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Stress management prevents Multiple Sclerosis brain lesions
For those suffering from the autoimmune disorder multiple sclerosis, life alternates between almost symptomless periods of time and episodes of intense neurological problems that can result in anything from painful muscle spasms, loss of vision or problems moving arms and legs.
These “flare-ups” are often preceded by brain lesions, scars that form in the nervous system and destroy myelin sheath – material that surrounds neurons responsible for carrying electrical signals.  By managing the development of these scars, patients with MS can keep better control their episodes.
And now, new research has shown that a weekly stress management program was very effective in preventing the development of new lesions, pointing toward possibly supplemental therapy that could be used with existing MS treatments.
The study, published in an issue of Neurology, the medical journal of the American Academy of Neurology, is part of ongoing research from principal investigator David Mohr, professor of preventive medicine at Northwestern University Feinberg.  A previous study of Mohr’s involved following MS patients receiving MRIs and the stressful events in their lives; stress was found to be a good predictor of the development of brain lesions.
 “We’ve been able to show that stress is related to the development of new lesions and exacerbations of MS.” Dr. Mohr says.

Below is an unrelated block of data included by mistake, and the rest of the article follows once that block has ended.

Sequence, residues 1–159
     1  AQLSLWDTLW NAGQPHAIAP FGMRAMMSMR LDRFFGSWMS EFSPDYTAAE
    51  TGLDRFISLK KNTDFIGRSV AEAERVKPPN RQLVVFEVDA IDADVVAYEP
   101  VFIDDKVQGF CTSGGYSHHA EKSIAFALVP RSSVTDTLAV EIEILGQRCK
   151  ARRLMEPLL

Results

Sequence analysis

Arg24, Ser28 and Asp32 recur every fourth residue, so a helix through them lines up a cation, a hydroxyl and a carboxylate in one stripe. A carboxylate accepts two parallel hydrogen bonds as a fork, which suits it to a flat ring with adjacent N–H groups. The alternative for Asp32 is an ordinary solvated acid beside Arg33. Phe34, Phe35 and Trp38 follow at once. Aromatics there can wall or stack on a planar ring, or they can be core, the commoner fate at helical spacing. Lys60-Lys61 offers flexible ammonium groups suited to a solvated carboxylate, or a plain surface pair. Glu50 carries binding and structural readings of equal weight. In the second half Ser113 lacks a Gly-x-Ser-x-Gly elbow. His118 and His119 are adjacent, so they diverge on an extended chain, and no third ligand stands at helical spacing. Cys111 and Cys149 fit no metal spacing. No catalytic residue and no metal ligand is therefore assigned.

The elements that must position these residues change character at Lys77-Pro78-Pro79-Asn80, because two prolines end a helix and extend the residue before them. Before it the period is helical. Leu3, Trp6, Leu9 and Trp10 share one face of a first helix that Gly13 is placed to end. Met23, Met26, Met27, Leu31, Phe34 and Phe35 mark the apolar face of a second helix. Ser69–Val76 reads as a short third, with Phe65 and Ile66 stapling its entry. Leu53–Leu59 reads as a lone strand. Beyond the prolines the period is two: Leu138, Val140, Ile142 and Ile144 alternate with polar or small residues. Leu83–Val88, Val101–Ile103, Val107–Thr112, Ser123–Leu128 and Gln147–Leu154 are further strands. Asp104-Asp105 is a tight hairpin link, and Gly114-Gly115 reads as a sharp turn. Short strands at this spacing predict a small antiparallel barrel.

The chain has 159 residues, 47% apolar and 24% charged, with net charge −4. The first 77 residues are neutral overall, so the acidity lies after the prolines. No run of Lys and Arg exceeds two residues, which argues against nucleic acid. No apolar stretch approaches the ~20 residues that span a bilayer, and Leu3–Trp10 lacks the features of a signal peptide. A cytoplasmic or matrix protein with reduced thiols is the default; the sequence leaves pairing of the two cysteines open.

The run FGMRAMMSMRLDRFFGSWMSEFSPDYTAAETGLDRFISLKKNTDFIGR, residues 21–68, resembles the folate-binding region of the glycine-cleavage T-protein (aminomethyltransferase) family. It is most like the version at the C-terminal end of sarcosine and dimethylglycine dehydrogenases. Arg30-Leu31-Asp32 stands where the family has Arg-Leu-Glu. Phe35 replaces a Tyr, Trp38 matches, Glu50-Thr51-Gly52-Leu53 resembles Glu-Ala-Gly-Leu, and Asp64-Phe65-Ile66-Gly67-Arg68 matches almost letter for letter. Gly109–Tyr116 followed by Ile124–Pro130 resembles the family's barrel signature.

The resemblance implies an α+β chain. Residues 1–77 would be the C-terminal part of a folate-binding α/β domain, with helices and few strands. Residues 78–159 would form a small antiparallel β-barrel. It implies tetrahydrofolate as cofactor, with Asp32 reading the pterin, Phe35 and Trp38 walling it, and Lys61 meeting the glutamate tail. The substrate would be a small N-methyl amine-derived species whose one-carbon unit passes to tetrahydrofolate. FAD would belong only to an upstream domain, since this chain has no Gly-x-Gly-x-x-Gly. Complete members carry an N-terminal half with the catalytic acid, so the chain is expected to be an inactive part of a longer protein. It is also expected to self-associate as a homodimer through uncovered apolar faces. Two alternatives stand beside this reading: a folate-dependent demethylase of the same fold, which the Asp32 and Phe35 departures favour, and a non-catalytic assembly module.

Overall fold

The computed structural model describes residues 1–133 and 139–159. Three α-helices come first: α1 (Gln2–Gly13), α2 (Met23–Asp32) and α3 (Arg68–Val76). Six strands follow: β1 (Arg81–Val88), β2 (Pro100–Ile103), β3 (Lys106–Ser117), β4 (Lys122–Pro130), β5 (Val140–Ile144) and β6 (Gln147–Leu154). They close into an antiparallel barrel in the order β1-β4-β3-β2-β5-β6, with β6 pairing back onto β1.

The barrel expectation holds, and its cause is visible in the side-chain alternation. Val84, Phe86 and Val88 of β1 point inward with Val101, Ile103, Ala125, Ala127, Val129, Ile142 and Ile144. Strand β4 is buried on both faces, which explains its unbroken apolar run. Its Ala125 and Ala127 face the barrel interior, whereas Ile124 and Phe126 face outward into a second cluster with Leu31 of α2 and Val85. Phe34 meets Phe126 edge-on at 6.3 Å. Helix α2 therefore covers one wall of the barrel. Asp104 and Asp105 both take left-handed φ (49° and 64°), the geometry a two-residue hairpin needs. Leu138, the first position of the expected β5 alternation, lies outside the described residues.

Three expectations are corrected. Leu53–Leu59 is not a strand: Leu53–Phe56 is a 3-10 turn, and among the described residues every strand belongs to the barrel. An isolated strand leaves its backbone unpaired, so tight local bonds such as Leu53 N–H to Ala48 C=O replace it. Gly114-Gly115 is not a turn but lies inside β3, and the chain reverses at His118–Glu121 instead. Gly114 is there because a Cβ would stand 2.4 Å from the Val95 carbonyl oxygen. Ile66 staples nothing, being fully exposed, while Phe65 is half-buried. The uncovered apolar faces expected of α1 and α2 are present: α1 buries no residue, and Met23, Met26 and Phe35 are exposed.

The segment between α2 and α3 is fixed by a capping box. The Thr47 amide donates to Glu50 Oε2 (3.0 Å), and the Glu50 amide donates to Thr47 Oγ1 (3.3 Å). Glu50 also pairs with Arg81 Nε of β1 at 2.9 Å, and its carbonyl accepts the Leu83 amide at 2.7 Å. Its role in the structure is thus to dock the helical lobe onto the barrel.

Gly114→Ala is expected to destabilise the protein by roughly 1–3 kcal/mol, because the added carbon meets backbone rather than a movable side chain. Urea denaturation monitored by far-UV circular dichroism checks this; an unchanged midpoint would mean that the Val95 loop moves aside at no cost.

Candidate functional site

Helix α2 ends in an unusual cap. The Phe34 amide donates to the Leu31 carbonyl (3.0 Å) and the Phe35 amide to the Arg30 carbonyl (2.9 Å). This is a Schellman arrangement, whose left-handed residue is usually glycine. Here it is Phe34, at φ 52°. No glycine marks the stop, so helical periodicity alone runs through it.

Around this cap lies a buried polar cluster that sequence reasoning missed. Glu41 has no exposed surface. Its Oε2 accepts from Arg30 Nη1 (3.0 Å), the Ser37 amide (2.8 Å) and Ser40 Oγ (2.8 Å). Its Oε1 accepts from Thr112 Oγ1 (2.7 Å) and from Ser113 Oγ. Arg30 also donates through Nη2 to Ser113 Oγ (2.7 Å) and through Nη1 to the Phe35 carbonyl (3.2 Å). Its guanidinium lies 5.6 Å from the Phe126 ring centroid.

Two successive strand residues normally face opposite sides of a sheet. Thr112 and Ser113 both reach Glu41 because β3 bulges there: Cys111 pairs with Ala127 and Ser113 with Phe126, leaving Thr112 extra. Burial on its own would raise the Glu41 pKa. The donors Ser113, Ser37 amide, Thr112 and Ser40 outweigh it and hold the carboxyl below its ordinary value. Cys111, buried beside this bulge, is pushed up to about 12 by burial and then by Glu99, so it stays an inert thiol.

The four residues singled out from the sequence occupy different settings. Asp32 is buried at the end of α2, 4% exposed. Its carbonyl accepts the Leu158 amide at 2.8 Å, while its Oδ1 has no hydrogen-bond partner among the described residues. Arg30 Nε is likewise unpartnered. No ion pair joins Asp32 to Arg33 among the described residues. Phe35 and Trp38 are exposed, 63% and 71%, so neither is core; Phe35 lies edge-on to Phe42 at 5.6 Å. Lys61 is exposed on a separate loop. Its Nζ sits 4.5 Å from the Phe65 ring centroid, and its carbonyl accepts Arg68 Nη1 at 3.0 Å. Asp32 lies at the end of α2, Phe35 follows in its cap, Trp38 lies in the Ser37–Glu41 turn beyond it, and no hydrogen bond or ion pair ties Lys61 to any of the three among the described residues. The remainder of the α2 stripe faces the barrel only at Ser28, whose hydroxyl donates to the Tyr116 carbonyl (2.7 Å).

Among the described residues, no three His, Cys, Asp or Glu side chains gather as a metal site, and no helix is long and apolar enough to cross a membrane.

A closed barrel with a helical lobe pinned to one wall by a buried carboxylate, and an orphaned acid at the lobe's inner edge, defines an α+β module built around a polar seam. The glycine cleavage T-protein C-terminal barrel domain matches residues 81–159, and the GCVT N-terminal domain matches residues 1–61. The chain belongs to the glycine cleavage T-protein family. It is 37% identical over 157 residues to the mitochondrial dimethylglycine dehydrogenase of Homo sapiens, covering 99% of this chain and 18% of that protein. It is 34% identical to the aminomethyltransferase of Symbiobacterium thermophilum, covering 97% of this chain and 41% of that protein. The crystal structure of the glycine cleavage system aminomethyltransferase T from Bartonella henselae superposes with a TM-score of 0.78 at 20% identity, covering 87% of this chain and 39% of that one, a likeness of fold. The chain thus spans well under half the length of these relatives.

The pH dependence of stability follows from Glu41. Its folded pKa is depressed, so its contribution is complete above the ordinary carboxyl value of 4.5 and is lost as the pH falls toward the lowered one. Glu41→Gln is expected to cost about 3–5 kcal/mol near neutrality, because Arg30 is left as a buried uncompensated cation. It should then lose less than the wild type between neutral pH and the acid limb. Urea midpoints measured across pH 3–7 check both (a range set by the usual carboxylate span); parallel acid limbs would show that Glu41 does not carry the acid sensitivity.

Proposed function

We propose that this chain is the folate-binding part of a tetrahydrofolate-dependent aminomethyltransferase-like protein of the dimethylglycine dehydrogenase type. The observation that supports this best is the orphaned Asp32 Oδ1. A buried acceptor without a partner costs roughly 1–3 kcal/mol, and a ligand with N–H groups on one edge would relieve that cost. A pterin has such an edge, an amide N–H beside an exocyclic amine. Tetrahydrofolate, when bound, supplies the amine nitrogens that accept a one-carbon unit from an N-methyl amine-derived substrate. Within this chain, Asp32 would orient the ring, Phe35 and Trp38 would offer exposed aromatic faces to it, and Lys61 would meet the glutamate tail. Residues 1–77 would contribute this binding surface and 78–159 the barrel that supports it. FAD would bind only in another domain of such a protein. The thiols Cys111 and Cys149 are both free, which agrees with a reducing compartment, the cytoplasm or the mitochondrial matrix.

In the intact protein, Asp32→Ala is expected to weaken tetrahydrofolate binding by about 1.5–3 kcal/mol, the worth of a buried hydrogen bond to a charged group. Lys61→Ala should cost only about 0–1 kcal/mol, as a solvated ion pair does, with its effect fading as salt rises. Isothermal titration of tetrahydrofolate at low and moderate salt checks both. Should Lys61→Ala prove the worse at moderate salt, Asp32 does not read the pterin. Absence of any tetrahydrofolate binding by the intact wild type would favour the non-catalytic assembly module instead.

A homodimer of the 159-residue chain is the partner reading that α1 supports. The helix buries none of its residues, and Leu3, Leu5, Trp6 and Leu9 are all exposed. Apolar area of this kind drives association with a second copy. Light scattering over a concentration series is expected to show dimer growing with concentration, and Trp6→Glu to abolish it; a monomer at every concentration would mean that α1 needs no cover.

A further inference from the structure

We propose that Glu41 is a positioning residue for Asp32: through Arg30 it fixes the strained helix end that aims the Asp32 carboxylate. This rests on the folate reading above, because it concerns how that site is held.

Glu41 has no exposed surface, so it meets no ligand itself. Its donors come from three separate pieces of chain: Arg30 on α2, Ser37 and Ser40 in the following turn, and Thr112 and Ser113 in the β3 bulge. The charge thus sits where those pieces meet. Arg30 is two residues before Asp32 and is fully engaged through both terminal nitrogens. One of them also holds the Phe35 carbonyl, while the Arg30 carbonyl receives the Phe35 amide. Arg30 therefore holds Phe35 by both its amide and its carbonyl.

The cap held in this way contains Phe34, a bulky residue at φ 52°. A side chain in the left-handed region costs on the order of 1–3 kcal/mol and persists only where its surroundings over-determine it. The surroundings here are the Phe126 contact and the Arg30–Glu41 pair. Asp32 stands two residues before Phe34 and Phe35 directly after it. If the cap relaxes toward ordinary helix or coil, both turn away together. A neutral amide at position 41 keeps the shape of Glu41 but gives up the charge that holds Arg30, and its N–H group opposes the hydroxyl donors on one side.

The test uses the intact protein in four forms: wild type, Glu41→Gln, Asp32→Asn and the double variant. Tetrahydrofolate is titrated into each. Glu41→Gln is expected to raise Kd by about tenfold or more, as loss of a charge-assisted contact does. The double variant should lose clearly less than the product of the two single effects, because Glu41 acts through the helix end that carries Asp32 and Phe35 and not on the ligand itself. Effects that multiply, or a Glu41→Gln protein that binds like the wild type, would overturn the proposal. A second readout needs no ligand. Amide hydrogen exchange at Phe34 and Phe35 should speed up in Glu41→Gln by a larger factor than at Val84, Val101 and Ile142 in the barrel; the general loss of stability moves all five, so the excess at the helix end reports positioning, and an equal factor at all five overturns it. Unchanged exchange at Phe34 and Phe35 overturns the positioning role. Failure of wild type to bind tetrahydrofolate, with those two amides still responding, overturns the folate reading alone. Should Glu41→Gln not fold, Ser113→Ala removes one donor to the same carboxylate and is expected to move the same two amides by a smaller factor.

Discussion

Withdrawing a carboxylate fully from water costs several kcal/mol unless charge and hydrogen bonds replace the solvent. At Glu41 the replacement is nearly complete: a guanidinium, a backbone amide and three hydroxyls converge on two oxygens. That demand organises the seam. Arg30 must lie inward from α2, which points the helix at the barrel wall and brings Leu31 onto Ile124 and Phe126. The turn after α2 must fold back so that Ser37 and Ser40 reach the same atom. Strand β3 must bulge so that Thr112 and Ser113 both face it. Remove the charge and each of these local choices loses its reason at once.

According to Mohr, these most recent findings are the first to show that counseling and psychotherapy affect brain lesion development.  The study, conducted over a 24-week period, randomly assigned 121 MS patients to one of two groups – half receiving stress management therapy in 16 sessions and the others assigned to a control group. The researchers tracked the development of the patients’ lesions by giving them MRIs every two months.  The imaging helped to show if inflammation in the brain had occurred.
When people have exacerbations, it’s basically an autoimmune reaction in which the immune system attacks the myelin sheath on the neuron -- “With the stress management group, we saw significant reductions in both [kinds of lesions],” Mohr said.  “In one kind of lesion 77 percent of the patients remained disease-free during the treatment compared to 55 percent in control.  For a second type, 70 percent remained free compared to 43 percent in the control.  Those are effects sizes that are seen in pharmaceutical treatment of MS.”
In order to better understand just how effective stress management can be, Mohr hopes for a much longer, more extensive clinical trial.  Even if the results are consistent with these findings, Mohr noted that stress management therapy is already very beneficial for MS patients.

Dr. Iverson's Comment
As discussed in another article regarding pain and the brain in this month’s top stories, the brain is quite capable of inducing or eliminating symptoms and conditions. To think that something we call “stress” can induce a brain lesion, a physical pathology, is amazing to me. Every person sees a stressful event as different. What one person sees as stressful another may see as exciting, therefore it is our perception or “our creation” that induces health or illness within ourselves. 
Please take consideration of how many of yours or family health conditions could be associated with the “perception” of stress.
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